I can’t entirely agree with Proyect’s new blog post, though, because I don’t recognise the assumptions he brings to it. Proyect considers the theory that the first settlers of North America were the ‘Clovis’ people, who crossed the Bering Strait over ten thousand years ago and began hunting woolly mammoths and the other huge beasts that roamed across what is now Canada and the United States. Advocates of the Clovis theory have argued that the pioneers were such successful hunters that they wiped out most of the megafauna of North America in only a few centuries, and that their descendants were therefore forced to develop an agricultural society.
Proyect thinks that the Clovis theory tells us more about Western prejudice than the facts of prehistory. He believes that the advocates of the theory are projecting some of the more brutal realities of industrial capitalist society into the distant past. Proyect has been a long-time critic of Jared Diamond, and he finds the author of Guns, Germs and Steel guilty of misusing the Clovis theory:
perhaps no other evolutionary psychologist has embraced the Pleistocene overkill scenario with more relish than Jared Diamond who wrote an entire book—The Third Chimpanzee—making the case that we are nothing much different than these marauding apes... his interest in these matters is highly ideological and this is the way to understand it. Like many of his co-thinkers, there is a need to establish primitive man as primitive in the sense of brutal... Proyect argues that the extinction of much of the ancient megafauna of North America was probably caused by a comet strike or some other natural cataclysm, rather than by indiscriminate hunting. He believes that, far from being evidence of the irredeemably evil nature of humanity, prehistoric societies can actually be models for a future society:
a hunting and gathering society had little need to kill animals except to satisfy such needs as food, clothing and shelter—all of which a bison could supply. Even in cases where there was “overkill”, like driving animals over a cliff, the main goal was to satisfy an immediate need. Once that was accomplished, the community could devote its time to singing, dancing and other forms of recreation that Marshall Sahlins described in terms of Stone Age affluence.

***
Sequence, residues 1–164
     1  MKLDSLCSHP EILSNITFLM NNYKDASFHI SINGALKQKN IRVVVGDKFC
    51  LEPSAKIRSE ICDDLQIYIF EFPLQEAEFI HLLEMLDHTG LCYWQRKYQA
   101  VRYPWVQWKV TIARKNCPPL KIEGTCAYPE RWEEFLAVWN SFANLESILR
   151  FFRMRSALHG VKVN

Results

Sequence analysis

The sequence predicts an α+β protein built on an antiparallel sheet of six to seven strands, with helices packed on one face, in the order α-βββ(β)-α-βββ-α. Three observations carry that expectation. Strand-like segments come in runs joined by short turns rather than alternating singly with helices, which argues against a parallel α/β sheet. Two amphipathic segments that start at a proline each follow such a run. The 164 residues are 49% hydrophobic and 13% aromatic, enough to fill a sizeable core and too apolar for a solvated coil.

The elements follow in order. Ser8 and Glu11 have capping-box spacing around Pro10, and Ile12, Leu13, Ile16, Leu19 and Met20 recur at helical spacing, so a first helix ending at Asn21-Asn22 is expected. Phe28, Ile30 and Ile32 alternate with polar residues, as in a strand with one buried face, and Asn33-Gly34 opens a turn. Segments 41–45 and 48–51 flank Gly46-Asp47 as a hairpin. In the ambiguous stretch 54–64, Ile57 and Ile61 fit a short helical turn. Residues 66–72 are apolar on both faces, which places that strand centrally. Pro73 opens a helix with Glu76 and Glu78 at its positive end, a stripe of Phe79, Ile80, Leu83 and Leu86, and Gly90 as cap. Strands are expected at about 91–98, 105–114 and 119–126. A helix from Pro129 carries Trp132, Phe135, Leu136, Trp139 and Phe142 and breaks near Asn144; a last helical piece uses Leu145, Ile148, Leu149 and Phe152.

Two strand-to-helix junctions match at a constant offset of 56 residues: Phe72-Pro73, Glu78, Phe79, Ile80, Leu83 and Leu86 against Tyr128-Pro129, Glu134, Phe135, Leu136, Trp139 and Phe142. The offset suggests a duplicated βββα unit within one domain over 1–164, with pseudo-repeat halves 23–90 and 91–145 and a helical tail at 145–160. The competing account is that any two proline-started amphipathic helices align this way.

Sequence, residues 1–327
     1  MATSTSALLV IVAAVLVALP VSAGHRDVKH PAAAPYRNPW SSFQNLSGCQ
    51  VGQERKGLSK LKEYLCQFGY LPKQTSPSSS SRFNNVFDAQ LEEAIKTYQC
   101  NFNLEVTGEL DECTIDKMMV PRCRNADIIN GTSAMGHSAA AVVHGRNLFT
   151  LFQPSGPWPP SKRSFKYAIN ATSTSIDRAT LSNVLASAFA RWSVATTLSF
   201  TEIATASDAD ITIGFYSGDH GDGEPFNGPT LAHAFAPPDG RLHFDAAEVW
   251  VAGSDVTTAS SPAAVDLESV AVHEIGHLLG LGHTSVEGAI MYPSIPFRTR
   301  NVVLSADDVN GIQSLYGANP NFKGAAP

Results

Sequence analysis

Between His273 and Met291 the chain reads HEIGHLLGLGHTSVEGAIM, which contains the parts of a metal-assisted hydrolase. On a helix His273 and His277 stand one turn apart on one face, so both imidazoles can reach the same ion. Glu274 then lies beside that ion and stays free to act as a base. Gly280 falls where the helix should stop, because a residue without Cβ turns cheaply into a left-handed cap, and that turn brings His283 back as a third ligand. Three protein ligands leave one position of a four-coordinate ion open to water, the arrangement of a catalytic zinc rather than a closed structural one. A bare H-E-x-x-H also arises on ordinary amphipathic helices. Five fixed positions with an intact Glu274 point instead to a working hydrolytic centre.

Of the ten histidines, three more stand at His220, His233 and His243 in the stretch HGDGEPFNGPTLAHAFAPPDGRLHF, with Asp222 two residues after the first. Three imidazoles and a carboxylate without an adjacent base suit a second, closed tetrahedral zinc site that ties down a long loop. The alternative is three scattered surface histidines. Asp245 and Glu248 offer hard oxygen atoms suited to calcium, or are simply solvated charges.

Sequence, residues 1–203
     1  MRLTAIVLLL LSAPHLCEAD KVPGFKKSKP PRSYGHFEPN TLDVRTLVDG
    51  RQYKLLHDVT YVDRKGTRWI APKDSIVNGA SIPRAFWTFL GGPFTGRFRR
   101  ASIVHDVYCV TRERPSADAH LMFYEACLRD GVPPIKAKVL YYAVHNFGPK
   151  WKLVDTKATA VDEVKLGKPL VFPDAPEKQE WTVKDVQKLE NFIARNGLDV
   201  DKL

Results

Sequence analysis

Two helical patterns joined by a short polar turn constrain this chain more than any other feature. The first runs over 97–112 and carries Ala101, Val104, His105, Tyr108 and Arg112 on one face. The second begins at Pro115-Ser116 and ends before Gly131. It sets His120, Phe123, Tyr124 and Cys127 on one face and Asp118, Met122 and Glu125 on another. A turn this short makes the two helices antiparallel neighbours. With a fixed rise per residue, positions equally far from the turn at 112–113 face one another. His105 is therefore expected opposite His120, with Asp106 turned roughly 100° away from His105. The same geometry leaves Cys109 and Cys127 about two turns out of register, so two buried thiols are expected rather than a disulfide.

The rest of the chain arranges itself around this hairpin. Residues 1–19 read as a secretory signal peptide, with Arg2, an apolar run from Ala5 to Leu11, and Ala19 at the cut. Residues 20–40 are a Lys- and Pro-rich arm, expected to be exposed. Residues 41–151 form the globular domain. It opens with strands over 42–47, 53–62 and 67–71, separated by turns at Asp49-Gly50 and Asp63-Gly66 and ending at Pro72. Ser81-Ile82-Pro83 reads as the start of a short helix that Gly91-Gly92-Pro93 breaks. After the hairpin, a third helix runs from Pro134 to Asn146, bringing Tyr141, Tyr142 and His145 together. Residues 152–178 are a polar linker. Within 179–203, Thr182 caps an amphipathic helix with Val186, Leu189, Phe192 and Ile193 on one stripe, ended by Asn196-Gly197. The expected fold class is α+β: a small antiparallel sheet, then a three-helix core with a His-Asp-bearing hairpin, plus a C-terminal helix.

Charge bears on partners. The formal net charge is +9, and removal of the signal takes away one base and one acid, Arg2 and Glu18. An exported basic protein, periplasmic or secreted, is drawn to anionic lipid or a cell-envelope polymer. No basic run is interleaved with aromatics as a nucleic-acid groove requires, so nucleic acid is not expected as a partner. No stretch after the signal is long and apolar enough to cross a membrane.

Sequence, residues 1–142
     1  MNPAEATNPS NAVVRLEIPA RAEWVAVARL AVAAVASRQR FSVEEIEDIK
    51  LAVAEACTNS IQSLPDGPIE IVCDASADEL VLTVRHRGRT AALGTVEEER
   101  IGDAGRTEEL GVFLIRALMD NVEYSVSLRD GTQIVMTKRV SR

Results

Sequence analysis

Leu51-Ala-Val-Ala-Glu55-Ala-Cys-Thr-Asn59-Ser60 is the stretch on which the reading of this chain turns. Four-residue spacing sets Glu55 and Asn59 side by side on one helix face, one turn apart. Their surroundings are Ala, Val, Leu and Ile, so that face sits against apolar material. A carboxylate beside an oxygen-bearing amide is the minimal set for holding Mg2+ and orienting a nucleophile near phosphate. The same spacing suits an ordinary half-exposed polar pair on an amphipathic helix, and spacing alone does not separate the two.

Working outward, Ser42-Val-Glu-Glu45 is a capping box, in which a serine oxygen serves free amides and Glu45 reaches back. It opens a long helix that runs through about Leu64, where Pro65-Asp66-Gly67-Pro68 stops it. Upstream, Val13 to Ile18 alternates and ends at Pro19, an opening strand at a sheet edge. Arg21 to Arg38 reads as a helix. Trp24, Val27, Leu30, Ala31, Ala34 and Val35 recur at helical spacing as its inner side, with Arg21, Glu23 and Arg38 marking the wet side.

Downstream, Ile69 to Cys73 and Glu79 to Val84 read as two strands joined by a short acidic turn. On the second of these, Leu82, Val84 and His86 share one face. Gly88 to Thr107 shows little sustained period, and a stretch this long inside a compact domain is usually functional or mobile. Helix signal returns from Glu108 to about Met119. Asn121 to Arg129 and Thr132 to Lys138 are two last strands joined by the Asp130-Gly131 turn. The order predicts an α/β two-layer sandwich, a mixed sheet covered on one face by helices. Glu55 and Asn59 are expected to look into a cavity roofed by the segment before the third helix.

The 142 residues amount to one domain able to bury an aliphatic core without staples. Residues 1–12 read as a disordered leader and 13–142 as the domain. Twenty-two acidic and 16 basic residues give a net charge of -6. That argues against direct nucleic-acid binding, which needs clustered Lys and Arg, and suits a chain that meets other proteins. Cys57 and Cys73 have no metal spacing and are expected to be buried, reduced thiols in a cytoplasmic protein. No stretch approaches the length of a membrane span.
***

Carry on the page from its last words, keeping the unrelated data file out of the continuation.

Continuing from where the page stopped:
On the other hand, capitalism sees all flora and fauna as input to the commodity production process. Bison were killed initially in order to supply hides for the European clothing market and later on they were exterminated in order to free up land for cattle ranching. Today vast trawlers scour the ocean to turn the last bluefin tuna into the last sushi special. Meanwhile, American Indians struggle to defend their right to fish for Salmon and whales as part of their traditional way of life. Some ecologists can’t distinguish between the trawler and the Makah motorboat, but that would not be the first time in history that an Indian gets a raw deal.
As socialists, our goal should be to create a world in which the production of what Marx called use values prevails. This means adopting the communal structures of Clovis peoples and their successors but combining it with modern technology. This finally is the only way in which the remaining megafauna can survive, including homo sapiens.
I share Proyect’s antipathy for Jared Diamond, and agree with his criticisms of the tendency to ‘eternalise’ our modern industrial capitalist society by proclaiming that it is merely an instantiation of some fictional ‘human nature’. I can’t agree, though, that the Clovis thesis was an attempt by archaeologists and other scholars of the past to tarnish Palaeoindian society.